Legos® and Language
Several third-graders crowd around the table, each of them vying for a moment to control the hand-made robot. If they offer the right command, it will say “Hi” or maybe even repeat their names.
“It does not speak English!” one girl exclaims.
In that way, these students relate quite well to their Lego® machines.
Here in a classroom at Gonzaga’s Summer Language Program, they represent 10 languages, and new hope for their families. The Summer Language Program, run by Gonzaga for the last 16 years, provides a necessary skill for children trying to integrate into their new Spokane schools and neighborhoods. It has grown from a handful of kids to nearly 300, with a teaching staff of Gonzaga students in the Master’s in Teaching English as a Second Language (MA/TESL) program and experienced teachers from Spokane Public Schools.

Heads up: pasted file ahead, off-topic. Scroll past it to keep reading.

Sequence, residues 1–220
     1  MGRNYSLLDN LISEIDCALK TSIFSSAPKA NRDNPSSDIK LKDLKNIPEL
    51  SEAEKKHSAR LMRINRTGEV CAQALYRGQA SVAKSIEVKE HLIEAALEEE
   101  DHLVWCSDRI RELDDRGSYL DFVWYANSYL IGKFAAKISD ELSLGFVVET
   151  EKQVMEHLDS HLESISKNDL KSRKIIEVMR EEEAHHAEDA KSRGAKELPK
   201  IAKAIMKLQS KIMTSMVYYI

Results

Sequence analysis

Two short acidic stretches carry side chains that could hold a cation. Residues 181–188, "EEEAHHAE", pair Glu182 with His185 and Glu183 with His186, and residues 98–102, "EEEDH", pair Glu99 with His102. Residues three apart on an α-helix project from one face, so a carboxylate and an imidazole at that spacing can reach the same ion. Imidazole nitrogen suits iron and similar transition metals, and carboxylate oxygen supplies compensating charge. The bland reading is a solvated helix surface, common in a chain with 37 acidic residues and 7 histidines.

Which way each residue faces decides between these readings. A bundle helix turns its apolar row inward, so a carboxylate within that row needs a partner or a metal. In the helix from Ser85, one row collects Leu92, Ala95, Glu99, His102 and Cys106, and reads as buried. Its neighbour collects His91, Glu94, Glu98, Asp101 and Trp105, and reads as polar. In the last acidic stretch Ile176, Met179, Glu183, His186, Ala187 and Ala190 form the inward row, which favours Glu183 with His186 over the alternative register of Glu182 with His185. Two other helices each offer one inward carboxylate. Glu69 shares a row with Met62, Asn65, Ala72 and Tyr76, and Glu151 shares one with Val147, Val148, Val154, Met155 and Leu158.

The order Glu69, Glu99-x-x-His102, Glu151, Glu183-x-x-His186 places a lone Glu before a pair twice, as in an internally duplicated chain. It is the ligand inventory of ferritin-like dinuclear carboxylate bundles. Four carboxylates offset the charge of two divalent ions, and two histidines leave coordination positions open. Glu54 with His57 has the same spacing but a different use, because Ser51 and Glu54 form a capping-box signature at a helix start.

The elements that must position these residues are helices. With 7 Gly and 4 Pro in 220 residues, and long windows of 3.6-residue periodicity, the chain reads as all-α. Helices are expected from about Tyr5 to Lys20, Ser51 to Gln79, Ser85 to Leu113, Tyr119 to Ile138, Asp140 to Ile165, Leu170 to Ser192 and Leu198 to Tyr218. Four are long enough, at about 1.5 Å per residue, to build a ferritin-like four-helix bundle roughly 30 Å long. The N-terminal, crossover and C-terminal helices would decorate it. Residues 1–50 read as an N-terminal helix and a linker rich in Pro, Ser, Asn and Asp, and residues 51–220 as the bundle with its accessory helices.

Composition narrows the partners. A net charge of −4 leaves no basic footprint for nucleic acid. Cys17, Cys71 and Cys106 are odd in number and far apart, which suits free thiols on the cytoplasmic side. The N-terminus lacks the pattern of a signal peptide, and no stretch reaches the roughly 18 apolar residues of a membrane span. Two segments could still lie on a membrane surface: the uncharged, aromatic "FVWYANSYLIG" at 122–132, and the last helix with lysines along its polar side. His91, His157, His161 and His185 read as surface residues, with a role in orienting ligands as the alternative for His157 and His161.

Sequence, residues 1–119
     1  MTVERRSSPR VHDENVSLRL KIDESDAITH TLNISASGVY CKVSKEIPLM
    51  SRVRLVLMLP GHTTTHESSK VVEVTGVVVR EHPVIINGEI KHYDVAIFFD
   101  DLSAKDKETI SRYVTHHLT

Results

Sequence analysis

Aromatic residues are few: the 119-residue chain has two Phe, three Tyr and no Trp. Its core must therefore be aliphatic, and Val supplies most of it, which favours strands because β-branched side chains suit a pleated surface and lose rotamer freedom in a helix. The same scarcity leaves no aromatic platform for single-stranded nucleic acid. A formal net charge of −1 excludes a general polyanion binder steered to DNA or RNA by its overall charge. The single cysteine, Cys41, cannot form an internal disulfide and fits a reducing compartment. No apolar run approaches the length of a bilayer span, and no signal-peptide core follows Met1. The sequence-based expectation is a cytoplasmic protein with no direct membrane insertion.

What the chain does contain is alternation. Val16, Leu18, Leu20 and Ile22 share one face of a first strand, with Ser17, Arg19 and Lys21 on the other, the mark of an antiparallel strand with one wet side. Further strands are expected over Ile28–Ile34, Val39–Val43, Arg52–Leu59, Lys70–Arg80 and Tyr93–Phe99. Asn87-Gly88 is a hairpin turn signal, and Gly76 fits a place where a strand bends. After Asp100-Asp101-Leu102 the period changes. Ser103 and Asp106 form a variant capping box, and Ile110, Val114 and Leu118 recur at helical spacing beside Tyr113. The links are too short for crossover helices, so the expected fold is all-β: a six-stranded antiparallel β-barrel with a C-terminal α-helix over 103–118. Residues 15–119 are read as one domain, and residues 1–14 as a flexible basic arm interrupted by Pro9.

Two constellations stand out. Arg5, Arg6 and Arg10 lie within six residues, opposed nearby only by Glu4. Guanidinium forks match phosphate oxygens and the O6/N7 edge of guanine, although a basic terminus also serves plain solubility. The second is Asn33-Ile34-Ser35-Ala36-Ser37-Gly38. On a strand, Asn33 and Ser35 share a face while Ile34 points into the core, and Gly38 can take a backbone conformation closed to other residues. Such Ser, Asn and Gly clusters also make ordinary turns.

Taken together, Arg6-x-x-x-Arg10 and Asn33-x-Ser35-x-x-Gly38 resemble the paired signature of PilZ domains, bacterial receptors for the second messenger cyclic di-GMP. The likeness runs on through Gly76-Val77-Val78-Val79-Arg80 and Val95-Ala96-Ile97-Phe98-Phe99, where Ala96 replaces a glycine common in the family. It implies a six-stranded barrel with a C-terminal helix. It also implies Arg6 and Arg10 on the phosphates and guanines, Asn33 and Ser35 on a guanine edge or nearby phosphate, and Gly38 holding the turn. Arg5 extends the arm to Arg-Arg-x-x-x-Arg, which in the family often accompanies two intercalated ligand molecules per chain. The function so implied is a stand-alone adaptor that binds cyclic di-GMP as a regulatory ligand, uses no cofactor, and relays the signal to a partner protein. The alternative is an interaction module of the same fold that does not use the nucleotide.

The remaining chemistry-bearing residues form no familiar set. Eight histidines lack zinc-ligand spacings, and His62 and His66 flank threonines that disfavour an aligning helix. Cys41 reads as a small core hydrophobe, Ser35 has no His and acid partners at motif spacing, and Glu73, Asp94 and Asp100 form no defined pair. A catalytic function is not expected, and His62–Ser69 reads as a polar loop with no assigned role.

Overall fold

With rave reviews from local schools and a high demand from the area’s refugee service organizations, the program has been a great success. But as educators know well, there is always another tactic to try, another avenue to pursue to make learning more engaging and fun.
This year, the language program adopted a STEM focus, so while the students (ages 6-18 in grades kindergarten through 12) are learning English, they receive
a healthy dose of science, technology, engineering and math. What better way to enhance language learning and some engineering concepts than through the use of robotics in the classroom?
Homemade robots, crafted with Legos® and small computer screens, were stored on shelves until, at last, the students could play with them. The local high school students who created and programmed the simple yet ingenious tools were themselves recent immigrants for whom English is a second language.
You can read more about how the Summer Language Program is connecting Gonzaga students with opportunities to have a positive impact on the greater community in Gonzaga Magazine.